Greg Abbott, the Texas attorney general, outside the Supreme Court in Washington, D.C., in March.
A federal court on Thursday struck down a Texas law that would have required voters to show government-issued photo identification before casting their ballots in November, ruling that the law would hurt turnout among minority voters and impose “strict, unforgiving burdens on the poor” by charging those voters who lack proper documentation fees to obtain election ID cards.
The three-judge panel in United States District Court for the District of Columbia called Texas’ voter-identification law the most stringent of its kind in the country. Gov. Rick Perry and the state’s attorney general, Greg Abbott, vowed to appeal the decision to the United States Supreme Court.
The judges’ ruling came two days after another three-judge panel in the same court found that the Texas Legislature had intentionally discriminated against minority voters in drawing up electoral district maps, citing the same section of the Voting Rights Act of 1965.
Known as Senate Bill 14, the state’s voter-identification law requires voters who show up at the polls to identify themselves with one of five forms of ID, including a driver’s license or a United States passport. Those lacking one of the five types of identification must obtain an election identification certificate, a government-issued card similar to a driver’s license. Prospective voters would need to travel to a state Department of Public Safety office to get an election ID card, and, although it is free, they would have to verify their identity to obtain one, in some cases paying $22 for a certified copy of their birth certificate.
In its unanimous 56-page ruling, the federal judges found that the fees and the cost of traveling for those voters lacking one of the five forms of ID disproportionately affected the poor and minorities. “Moreover, while a 200- to 250-mile trip to and from a D.P.S. office would be a heavy burden for any prospective voter, such a journey would be especially daunting for the working poor,” the decision read, referring to the dozens of counties in Texas that do not have a D.P.S. office.
Mr. Perry and other Texas Republicans had argued that voter identification laws were constitutional methods of preventing voter fraud, and they believed the courts could not legally consider factors like poverty when determining whether a law complies with the Voting Rights Act.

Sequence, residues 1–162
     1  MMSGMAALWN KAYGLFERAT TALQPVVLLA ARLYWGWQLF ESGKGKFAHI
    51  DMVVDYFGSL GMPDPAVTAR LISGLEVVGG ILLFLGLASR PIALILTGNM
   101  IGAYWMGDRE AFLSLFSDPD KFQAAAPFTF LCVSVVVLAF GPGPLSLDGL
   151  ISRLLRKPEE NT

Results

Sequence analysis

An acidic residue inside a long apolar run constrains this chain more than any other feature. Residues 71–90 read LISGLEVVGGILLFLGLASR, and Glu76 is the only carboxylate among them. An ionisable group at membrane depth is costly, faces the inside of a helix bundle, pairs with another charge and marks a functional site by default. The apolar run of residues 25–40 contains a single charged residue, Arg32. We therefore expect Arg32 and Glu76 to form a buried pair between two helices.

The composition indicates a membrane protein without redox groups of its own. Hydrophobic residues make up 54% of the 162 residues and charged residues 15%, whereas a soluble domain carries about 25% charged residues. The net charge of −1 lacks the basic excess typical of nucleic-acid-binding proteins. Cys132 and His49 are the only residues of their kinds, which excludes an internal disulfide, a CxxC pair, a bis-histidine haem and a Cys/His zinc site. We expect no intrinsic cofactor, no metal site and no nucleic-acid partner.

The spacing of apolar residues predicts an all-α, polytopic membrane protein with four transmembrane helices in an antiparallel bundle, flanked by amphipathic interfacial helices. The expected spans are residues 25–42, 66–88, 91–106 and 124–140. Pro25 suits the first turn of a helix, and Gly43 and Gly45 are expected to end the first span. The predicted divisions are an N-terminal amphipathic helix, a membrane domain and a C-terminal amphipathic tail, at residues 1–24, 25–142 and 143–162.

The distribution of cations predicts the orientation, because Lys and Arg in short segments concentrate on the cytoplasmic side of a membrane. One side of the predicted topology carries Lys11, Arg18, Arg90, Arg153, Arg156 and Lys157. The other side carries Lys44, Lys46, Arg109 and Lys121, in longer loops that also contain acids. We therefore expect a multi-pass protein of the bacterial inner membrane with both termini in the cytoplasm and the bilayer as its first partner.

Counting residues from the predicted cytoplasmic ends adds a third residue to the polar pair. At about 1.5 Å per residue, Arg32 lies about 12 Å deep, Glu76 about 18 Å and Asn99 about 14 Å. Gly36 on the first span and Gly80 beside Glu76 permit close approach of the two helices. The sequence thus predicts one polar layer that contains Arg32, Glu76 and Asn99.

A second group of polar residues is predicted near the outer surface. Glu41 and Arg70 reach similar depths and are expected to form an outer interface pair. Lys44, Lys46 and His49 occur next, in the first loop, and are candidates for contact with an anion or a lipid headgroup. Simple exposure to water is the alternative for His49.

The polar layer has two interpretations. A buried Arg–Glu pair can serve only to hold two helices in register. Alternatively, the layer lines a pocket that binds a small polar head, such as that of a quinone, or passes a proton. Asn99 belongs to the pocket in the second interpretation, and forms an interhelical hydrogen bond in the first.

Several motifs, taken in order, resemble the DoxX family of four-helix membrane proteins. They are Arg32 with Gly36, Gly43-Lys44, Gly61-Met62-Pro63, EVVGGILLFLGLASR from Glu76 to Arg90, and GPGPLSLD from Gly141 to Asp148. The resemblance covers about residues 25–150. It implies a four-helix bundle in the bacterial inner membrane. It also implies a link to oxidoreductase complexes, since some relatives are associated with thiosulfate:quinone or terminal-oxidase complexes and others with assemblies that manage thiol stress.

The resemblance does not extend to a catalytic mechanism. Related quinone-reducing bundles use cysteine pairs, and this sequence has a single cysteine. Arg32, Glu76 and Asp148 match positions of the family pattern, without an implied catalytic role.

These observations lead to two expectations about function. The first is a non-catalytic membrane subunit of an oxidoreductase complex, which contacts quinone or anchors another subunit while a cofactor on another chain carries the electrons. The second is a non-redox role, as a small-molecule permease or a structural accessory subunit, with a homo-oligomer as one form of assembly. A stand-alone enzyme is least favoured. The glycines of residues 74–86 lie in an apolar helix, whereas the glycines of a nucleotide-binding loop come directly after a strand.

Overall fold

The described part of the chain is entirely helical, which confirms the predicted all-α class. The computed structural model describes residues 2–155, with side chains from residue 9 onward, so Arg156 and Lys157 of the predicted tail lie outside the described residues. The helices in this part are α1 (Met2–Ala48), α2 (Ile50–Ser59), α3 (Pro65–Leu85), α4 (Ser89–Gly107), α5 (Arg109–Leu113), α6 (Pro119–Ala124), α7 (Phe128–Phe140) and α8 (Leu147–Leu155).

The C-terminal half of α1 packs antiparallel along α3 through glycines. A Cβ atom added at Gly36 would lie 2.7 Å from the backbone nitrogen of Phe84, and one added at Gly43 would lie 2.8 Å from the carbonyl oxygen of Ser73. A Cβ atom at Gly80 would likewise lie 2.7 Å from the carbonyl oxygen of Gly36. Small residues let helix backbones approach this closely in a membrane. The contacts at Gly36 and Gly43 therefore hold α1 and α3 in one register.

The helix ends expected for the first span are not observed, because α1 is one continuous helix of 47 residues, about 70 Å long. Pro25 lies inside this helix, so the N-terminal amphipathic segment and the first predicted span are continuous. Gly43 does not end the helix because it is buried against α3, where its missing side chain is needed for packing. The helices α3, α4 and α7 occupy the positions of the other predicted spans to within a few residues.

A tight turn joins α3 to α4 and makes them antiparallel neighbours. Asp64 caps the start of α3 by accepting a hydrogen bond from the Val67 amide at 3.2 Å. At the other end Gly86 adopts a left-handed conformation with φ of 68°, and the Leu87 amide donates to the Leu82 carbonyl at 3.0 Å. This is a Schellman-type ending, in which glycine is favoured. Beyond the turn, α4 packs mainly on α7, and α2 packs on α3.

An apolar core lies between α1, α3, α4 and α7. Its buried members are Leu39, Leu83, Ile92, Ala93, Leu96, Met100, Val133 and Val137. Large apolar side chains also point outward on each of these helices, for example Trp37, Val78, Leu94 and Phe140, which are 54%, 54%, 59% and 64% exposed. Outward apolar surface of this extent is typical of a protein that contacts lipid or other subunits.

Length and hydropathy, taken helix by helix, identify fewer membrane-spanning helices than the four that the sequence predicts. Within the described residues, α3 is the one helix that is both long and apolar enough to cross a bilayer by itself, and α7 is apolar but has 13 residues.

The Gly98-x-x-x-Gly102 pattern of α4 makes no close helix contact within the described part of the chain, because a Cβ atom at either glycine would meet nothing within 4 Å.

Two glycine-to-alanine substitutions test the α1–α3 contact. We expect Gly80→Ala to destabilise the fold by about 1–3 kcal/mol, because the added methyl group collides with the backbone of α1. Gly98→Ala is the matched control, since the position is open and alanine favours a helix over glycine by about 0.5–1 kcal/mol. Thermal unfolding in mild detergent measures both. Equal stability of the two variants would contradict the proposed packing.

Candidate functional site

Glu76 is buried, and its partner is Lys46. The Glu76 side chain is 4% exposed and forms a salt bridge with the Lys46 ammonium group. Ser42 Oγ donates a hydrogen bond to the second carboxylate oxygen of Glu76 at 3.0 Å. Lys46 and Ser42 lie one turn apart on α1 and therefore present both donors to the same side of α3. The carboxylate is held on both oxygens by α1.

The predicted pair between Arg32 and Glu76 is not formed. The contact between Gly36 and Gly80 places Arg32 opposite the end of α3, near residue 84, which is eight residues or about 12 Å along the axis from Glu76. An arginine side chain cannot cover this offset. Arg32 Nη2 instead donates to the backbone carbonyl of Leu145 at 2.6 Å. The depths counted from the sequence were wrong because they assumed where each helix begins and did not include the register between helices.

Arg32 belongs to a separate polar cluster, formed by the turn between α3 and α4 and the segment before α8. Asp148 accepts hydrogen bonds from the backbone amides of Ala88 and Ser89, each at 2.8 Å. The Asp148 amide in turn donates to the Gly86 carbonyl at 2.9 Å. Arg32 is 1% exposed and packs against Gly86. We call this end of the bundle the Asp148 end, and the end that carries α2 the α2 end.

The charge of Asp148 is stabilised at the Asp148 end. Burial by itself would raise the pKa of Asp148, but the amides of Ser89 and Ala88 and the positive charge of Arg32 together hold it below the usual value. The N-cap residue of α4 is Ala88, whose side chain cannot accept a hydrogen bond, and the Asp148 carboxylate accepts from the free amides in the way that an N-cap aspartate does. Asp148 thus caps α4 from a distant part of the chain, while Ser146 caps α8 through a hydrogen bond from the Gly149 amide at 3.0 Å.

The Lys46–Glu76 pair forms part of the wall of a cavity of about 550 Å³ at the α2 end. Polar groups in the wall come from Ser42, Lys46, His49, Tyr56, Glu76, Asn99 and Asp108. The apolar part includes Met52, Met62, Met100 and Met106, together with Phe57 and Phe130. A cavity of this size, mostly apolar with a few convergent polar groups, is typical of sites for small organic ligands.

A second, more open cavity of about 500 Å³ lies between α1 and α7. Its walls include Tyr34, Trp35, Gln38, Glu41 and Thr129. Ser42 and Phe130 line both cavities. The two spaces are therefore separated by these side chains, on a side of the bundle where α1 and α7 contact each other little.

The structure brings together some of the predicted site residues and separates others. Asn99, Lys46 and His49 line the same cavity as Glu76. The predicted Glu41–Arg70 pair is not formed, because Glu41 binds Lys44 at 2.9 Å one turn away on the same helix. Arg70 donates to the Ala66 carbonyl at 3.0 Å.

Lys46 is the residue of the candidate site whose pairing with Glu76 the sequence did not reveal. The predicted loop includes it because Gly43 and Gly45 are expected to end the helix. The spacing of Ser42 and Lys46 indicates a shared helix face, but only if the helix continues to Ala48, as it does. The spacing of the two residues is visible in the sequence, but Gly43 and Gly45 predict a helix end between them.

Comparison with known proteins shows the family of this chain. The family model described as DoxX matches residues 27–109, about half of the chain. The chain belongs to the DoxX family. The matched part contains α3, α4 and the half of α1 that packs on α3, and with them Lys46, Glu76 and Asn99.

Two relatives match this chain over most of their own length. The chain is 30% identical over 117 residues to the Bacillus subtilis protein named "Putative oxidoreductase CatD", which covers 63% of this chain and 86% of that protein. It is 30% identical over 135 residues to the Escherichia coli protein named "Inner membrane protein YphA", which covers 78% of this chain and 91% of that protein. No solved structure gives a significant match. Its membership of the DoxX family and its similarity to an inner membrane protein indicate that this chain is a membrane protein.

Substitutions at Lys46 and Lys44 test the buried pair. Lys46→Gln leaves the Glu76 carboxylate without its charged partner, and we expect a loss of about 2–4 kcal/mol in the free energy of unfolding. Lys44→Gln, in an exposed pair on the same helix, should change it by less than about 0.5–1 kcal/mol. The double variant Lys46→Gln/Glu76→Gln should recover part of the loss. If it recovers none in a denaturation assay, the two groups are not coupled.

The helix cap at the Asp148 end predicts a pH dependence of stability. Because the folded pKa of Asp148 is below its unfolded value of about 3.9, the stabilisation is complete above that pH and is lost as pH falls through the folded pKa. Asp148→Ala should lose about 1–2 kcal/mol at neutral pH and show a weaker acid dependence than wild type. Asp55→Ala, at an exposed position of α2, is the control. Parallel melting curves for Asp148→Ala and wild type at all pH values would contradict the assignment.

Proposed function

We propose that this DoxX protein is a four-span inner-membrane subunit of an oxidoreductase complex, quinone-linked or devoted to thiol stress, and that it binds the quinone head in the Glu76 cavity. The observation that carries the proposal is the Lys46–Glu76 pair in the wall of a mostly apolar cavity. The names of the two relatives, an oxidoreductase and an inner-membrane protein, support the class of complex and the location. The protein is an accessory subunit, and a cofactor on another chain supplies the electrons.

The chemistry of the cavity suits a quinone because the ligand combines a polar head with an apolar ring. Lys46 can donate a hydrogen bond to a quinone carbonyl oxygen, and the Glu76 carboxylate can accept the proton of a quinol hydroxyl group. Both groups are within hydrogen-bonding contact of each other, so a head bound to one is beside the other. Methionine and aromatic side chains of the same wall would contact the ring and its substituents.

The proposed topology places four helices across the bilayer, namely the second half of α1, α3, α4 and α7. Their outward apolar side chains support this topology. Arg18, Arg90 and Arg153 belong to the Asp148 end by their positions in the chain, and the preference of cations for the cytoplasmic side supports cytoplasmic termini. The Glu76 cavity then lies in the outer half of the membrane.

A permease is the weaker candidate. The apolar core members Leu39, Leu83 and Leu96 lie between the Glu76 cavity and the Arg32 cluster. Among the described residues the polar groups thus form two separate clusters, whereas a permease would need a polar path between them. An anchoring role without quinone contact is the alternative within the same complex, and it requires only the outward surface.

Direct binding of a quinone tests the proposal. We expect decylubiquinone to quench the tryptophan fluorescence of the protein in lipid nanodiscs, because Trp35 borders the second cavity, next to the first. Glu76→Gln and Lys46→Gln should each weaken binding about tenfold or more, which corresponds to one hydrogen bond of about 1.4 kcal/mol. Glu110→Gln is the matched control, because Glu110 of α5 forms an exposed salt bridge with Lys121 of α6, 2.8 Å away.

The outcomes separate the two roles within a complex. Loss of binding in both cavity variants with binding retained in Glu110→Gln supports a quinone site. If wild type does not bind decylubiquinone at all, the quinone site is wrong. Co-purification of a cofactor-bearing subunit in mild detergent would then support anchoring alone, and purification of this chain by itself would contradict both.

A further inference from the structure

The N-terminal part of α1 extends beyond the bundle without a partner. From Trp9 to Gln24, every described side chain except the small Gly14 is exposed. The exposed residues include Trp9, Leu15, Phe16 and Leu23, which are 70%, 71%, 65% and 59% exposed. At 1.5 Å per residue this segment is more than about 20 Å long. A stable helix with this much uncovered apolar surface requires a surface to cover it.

Mr. Perry criticized the judges and the Obama administration. “Chalk up another victory for fraud,” he said in a statement. “Today, federal judges subverted the will of the people of Texas and undermined our effort to ensure fair and accurate elections.”
The United States attorney general, Eric H. Holder Jr., who had told the N.A.A.C.P. in July that the Texas law’s requirements amounted to a poll tax, praised the ruling. “The court’s decision today and the decision earlier this week on the Texas redistricting plans not only reaffirm — but help protect — the vital role the Voting Rights Act plays in our society to ensure that every American has the right to vote and to have that vote counted,” he said in a statement.
The wave of voter ID laws enacted by Republican-led state governments in recent years has created a polarizing debate.
Supporters, mostly conservatives, argue that such restrictions are needed to prevent fraud. While there is no evidence of significant levels of voter impersonation — the sort of fraud that would be addressed by ID requirements — they argue that it is just going undetected. (lol k - op) But critics, mostly liberals, say voter impersonation fraud is rare and contend that the restrictions are a veiled effort to suppress turnout by legitimate voters who are less likely to have a photo ID card and who tend to support Democrats, like students, the indigent and minorities.
Mr. Perry signed the voter identification bill in May, but it had not taken effect because Texas and other states with a history of racial discrimination cannot make changes to their voting procedures without first receiving so-called preclearance, a requirement under Section 5 of the Voting Rights Act.
The case could add to pressure on the question of whether Section 5 of the act is still constitutional. The Supreme Court, which is already hearing an affirmative action case in its coming term, is deciding whether to review an appeals court decision upholding the Voting Rights Act in the face of a constitutional challenge by Alabama. Texas is also challenging the constitutionality of the law in the voter ID case, one of a handful of states to do so recently, including South Carolina, Florida and Alaska.
While opponents of voter ID laws celebrated the ruling, it was narrowly focused on the Texas law and emphasized that it should not be read as implying that all voter ID laws should be blocked by Section 5. The ruling cited with approval the Justice Department’s decision to allow Georgia to implement a less restrictive version of such a measure, saying the difference between the state laws was “stark.”